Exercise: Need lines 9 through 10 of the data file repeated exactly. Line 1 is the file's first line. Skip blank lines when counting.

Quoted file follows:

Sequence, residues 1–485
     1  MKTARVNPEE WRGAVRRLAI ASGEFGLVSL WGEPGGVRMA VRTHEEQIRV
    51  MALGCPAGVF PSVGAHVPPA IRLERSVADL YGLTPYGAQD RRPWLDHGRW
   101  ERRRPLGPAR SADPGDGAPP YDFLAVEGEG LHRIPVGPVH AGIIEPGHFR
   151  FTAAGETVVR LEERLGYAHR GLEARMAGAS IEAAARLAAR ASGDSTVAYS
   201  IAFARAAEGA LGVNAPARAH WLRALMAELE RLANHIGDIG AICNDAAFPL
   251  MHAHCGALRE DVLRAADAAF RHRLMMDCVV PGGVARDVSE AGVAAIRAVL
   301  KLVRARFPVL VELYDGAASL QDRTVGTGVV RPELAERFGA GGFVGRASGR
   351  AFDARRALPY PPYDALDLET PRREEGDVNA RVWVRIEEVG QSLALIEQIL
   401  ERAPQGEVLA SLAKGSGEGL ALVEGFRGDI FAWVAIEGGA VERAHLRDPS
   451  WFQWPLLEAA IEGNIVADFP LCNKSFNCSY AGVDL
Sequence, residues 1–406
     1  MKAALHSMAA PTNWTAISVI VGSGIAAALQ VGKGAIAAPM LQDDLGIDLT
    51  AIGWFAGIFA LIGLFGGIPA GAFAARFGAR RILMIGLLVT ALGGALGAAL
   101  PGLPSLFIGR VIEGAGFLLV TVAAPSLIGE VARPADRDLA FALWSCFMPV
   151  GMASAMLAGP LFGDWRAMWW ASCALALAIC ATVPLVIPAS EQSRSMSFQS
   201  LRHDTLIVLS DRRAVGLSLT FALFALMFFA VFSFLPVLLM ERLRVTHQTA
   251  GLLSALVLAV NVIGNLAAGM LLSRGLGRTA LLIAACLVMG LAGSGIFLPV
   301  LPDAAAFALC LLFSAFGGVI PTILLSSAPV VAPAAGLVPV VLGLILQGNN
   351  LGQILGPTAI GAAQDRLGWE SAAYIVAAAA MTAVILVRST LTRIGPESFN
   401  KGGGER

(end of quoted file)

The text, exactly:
   351  AFDARRALPY PPYDALDLET PRREEGDVNA RVWVRIEEVG QSLALIEQIL
   401  ERAPQGEVLA SLAKGSGEGL ALVEGFRGDI FAWVAIEGGA VERAHLRDPS